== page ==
We have to practice listening to Jesus, for the voice of the Good Shepherd, because as Jesus warns us, there are voices of wolves lurking about that are looking to steal, kill, and destroy. There are voices that try to tear us down, making us question our value and our values. There are voices that try to entice us to just buy this one more thing to make us happier, prettier, more energetic, more youthful, and so on instead of being satisfied with what we have. There are voices that try to divide us as believers, confusing partisan politics with religious convictions and putting labels on us of “far right”, “extreme left” “racist” or “socialist” rather than “Christian” for our primary identity. And the voice that concerns me the most is the voice that tries to convince us that we don’t need each other and we certainly don’t need God for a fulfilling, quality life with purpose. We need the voice of our Good Shepherd to lead us away from the distracting, destructive howls of the wolves.
The thing is, while we may hear some voices and have a hard time placing who they are at first, like I did with that Hemingway documentary, there are other voices we would know anywhere. The voice of Elvis or Frank Sinatra, Louis Armstrong or Judy Garland most of us would recognize right away. More intimately, we know the voice of our parents, our spouse, our children, our best friend. As a young mom, I remember being able to recognize in a crowd of kids my daughter’s particular cry, and which daughter’s cry when my second came along, and what that cry probably meant – hungry, tired, hurt, just whining for attention. And it doesn’t matter how old I get, if my mom takes a certain tone with me, I know just what she means by the sound of her voice. Jesus knows us and our voice that well, if not better.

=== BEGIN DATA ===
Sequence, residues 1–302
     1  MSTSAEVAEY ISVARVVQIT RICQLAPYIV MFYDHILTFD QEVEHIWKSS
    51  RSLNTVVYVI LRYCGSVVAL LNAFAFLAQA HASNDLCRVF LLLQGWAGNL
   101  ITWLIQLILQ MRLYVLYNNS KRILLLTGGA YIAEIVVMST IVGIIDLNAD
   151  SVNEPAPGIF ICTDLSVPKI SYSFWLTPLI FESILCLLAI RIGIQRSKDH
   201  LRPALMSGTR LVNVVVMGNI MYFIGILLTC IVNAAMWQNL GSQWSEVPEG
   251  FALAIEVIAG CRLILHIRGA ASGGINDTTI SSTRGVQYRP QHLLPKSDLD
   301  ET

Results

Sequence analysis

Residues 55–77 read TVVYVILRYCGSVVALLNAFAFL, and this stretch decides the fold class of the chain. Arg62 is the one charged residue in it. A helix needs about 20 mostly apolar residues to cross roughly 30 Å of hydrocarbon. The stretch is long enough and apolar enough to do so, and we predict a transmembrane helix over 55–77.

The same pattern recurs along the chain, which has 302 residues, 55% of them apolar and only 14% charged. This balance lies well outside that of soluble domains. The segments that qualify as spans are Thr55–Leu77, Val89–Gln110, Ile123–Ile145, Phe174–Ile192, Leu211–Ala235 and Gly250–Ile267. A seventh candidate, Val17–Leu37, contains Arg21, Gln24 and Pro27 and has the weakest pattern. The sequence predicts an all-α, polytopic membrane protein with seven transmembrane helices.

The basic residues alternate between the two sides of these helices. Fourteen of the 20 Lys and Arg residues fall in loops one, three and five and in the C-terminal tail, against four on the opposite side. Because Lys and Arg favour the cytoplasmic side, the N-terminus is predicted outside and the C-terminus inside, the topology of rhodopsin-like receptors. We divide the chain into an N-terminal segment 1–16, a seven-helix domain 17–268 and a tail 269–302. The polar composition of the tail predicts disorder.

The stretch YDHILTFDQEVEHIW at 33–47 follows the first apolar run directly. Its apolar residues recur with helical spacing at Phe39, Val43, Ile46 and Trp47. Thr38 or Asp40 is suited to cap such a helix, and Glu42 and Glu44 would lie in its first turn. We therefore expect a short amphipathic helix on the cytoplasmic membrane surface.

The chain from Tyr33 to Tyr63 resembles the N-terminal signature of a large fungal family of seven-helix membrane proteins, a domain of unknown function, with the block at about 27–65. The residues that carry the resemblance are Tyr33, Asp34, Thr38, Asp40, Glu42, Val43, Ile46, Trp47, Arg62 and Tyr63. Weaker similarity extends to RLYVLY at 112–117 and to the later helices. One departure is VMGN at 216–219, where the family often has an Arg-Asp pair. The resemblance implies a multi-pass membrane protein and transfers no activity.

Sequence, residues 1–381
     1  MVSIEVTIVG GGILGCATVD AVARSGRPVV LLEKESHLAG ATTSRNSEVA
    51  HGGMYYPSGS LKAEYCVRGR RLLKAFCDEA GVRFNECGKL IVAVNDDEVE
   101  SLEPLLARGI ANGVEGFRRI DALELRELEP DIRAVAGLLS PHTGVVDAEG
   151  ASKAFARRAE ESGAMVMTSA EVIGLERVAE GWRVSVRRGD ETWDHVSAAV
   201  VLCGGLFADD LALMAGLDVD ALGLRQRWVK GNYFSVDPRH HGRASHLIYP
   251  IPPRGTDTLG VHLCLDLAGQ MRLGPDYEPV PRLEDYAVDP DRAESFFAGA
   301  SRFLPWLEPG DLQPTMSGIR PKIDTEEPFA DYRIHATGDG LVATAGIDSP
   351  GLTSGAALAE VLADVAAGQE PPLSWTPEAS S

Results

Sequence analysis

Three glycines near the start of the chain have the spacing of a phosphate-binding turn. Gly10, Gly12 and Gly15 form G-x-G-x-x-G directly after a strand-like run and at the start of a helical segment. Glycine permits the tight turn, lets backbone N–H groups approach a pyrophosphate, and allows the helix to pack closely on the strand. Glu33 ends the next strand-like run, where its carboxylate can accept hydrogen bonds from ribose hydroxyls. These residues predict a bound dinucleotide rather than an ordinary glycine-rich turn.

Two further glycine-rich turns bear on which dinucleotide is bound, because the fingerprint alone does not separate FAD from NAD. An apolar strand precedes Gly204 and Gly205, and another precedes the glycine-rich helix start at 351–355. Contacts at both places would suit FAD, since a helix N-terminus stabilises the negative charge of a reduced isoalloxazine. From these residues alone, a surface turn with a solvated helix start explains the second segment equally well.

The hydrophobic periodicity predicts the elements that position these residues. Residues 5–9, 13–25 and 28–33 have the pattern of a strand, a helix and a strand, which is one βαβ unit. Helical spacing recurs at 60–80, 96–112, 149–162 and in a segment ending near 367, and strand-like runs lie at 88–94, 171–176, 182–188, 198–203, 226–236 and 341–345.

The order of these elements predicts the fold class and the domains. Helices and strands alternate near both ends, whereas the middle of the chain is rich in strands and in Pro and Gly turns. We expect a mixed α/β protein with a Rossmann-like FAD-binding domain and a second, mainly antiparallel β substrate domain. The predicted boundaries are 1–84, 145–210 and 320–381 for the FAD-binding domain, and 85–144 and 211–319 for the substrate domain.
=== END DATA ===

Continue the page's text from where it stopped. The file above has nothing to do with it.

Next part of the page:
Jesus the Good Shepherd promises us that “I know my own and my own know me.” With all kinds of voices shouting at us and seeking to draw our attention away from God, we have this assurance from Jesus that as his followers we will hear his voice above the noise. We may not hear it all of the time, but when we do, we will recognize it. We will know him. When we first fell in love, we couldn’t have predicted who it would be with, what they would look like, and how that relationship would end – in marriage or in heartbreak, but somehow, we knew love when we found it. In Jesus, we know love when we find it because God is love. Because of God’s love, we know his voice, and he knows ours. Jesus our Good Shepherd doesn’t just call us to follow his voice and listen to him, Jesus also promises that he knows us and will listen to us. It’s a two-way relationship. And that is why I think the image of the shepherd for Jesus is still a powerful one. We aren’t literally sheep, thank goodness, and most of us don’t know any sheep farmers. Nonetheless, we understand and need to know that God in Christ wants to be in a loving, caring relationship with each of us and bring us into a caring, loving relationship with each other. Jesus our Good Shepherd gathers us as the church into a community of care led by the powerful voice of one who with a word can dispel the darkness, scare off the wolves, calm our fears and even raise the dead. “I know my own and my own know me,” Jesus promises. Listen to his voice. Amen.